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The Trulli of Alberobello, Italy Heritage Sites, Italy in Europe

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Village of Alberobello illuminated by sun with trulli houses in the foreground Featured The Trulli of Alberobello Print

Village of Alberobello illuminated by sun with trulli houses in the foreground

Village of Alberobello illuminated by sun with trulli houses in the foreground. Unesco World Heritage Site, Alberobello, Province of Bari, Apulia, Italy

© ClickAlps / AWL Images

20080140 Featured The Trulli of Alberobello Print

20080140

ITALY Puglia Bari Provence White Trulli buildings with runic symbols painted on the grey stone roofs in Alberobello village that have been converted into houses and a shop. No mortar is used although the interior is plastered

© Bryan Pickering eye ubiquitous / hutchison

Architecture, Europe, People

Trulli limestone houses at Alberobello Featured The Trulli of Alberobello Print

Trulli limestone houses at Alberobello

The trulli, the characteristic cone-roofed houses of Alberobello, Apulia, make up one of the 50 UNESCO World Heritage Sites in Italy. The name derives from the late Greek word for dome in Italian, cupola and refers to the ancient stone houses with conical roofs, constructed with the abundant limestone from the plateau of Apulias Murge zone.The archaeological finds that is, the first trulli settlements date as far back as the Bronze Age, while the trulli still extant today go back to c. 1350; the more uneven and shaky structures were destroyed and reconstructed (rather than repaired) time and time again.Legend has it that this dry wall construction, made without mortar, was imposed on the peasants of the area in the 15th Century, by their lords the Counts of Conversano, in order to evade an edict by the Kingdom of Naples that demanded tribute, or tax, on every new urban construction. Indeed, these types of settlements came to be identified as temporary and unstable, easy to demolish, and not taxable. The reality is, however, that the trulli are anything but unstable. Their internal structure, compact and without any elements of support or linkage, remains marvelously durable and, although seemingly so, primitive they are not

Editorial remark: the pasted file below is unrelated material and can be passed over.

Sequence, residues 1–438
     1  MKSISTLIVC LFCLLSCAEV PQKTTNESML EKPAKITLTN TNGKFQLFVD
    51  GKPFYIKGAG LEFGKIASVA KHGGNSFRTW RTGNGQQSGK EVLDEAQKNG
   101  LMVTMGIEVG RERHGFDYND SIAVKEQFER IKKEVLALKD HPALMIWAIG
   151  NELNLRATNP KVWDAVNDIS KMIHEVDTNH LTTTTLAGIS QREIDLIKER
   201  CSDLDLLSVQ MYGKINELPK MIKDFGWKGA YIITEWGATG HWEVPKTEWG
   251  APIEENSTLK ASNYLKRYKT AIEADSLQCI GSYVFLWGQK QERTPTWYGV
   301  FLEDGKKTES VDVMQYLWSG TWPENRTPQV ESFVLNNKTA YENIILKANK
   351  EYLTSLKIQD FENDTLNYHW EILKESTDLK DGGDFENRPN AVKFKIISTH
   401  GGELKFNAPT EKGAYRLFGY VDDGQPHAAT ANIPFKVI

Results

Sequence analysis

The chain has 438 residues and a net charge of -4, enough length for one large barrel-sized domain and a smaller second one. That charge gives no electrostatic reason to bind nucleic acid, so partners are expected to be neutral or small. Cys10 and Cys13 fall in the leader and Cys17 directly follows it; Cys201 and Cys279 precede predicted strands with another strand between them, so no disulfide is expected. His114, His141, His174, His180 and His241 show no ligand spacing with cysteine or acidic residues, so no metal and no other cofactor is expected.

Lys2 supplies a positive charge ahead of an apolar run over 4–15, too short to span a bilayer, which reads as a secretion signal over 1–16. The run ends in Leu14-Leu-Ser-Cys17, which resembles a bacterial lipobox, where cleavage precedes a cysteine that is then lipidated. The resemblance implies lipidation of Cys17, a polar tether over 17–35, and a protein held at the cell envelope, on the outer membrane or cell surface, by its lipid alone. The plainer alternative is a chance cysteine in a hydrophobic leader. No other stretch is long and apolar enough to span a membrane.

© dwayne miras photography